The ocean is mighty!
The ocean is mighty!

 

 

 

 

We then went to Rialto Beach. This site offered a much longer coastline (and much better agates) but was more crowded by tourists. After another three miles of walking, we took a break for some lunch (sandwiches) and returned to camp. The weather was much warmer with sunbreaks so I laid back for some reading. Heather took off to explore more of the beach to the south. When she returned I unloaded our firewood, dug out a fire pit and got some coals going.

Crispy on the outside, gooey on the inside...
Crispy on the outside, gooey on the inside…

We took another walk along the beach, giving me the chance to scale a rocky pier out into the bay. When we returned to the tent, I put more wood on the fire and we prepared foil packets of ribs, onions and potatoes. Sealing them up we put them in the coals and 45 minutes later enjoyed a delicious meal accompanied by some Chilean Carménère wine. Dessert, of course, were smores! Well-fed and well boozed, I passed out in front of the fire, only to be roused by Heather to come to bed.

So many sea stars! (NOT starfish)
So many sea stars! (NOT starfish)

The next morning the wind began to pick up which caused us to break camp earlier than planned. This gave us a chance to get a head start to visit the tide pools at Second Beach. This was overall the best part of an already beautiful trip! We timed everything perfectly to arrive right at low tide, giving us access to some great beachcombing and (gentle) marine life petting. Two hours later we began the trip back home.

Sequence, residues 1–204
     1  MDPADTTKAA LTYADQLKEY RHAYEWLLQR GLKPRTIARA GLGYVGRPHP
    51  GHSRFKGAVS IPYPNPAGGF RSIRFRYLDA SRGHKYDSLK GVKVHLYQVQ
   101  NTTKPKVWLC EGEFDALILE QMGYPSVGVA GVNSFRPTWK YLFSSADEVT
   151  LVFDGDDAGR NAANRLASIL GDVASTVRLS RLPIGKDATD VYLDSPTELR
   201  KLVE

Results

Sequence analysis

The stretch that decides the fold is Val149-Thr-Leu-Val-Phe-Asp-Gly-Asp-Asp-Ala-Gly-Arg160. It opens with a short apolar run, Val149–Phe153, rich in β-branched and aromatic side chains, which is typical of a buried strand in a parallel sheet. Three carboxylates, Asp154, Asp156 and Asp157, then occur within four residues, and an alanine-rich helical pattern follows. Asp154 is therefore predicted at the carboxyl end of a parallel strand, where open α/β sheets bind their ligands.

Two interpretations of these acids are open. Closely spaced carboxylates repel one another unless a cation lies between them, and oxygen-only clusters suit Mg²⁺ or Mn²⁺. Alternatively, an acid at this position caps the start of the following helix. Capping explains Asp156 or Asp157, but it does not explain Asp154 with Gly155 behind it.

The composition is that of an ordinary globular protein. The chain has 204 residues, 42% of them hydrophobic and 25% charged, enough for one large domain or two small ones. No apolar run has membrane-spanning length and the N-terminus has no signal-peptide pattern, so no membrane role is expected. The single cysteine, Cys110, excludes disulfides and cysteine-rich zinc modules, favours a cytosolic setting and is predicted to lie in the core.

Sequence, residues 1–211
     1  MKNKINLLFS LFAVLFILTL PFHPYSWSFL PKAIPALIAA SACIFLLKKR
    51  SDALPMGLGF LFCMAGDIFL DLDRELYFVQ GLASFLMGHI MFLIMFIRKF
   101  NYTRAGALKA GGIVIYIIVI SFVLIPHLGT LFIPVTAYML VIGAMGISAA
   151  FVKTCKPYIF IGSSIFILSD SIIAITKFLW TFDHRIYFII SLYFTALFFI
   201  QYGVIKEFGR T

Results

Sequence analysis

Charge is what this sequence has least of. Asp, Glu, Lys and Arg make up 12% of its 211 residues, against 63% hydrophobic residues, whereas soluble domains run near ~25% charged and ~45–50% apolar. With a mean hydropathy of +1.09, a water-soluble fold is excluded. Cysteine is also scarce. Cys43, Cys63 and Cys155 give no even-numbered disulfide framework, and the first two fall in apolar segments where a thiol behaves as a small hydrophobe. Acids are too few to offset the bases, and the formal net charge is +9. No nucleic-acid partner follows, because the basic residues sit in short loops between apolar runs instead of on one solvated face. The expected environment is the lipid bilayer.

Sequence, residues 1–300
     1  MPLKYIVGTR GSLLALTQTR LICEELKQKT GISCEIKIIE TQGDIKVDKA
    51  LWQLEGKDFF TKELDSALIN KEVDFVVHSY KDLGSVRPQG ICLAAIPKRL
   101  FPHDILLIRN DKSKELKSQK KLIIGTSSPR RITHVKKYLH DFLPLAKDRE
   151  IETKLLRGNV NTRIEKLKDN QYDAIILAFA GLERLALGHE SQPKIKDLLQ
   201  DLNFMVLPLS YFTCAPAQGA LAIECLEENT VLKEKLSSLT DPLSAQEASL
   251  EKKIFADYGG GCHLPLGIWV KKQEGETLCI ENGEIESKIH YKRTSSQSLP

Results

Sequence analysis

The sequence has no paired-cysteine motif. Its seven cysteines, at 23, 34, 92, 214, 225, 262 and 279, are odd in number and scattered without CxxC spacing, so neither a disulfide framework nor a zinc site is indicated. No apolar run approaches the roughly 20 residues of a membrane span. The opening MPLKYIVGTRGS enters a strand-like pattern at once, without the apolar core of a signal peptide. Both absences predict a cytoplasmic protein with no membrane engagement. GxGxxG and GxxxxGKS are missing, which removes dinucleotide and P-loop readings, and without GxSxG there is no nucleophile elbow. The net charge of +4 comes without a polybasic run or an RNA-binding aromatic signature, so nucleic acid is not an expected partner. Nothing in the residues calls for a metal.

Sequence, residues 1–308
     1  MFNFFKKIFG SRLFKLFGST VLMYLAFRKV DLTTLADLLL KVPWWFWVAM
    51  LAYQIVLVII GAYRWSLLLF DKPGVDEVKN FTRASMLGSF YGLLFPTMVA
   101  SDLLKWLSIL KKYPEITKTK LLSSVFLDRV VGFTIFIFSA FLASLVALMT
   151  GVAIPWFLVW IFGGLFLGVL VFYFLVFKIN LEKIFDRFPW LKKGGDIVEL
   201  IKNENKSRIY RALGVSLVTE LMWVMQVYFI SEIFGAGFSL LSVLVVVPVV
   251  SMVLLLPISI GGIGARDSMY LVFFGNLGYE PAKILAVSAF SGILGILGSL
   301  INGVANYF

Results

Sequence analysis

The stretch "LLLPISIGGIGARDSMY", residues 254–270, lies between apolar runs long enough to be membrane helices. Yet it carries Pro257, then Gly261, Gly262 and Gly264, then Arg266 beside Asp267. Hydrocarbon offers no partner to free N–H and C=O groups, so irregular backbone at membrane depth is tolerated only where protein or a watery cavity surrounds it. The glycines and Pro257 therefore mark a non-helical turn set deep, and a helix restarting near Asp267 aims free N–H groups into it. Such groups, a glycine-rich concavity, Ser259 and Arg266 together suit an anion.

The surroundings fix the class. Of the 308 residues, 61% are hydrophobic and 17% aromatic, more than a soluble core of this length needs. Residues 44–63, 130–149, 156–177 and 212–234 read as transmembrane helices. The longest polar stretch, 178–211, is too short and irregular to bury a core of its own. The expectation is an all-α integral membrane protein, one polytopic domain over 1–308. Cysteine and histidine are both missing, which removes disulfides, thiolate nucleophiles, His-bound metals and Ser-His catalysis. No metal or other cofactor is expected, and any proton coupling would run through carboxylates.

Heather at the Washington State Capitol building!
Heather at the Washington State Capitol building!

 

We decided to take the southern (and longer) route back to Seattle. Heather wanted a brief stop in Olympia, WA so she could see the Capitol building. Taking advantage of the stop, we had lunch at the Fish Tale brewpub, connected to Fish Brewing, and consumed salmon and chips with gusto! Unfortunately we didn’t time our return trip very well; we ran into 5pm Seattle rush hour traffic.

Remember: beer is a key part of any successful trip!
Remember: beer is a key part of any successful trip!

 

 

 

Overall, this was an amazing (and overdue) trip. Heather and I made the commitment that from now on, we will use her birthday to do some camping in different parts of Olympic National Park. My only regret is that we couldn’t make it into a week long trek. There is so much more to see along the Olympic Peninsula, I suspect we will never exhaust its sights and wonders.

Learning how to share all over again…

Share all the tools!
Share all the tools!

One of my goals for owning my first home is to keep it free of stuff. This includes the garage. Unfortunately, the garage is already filling up with things. Just as nature abhors a vacuum, living spaces seem to follow the same rules. However, Heather and I found a remedy for our unnecessary accumulation: The NE Seattle Tool Library!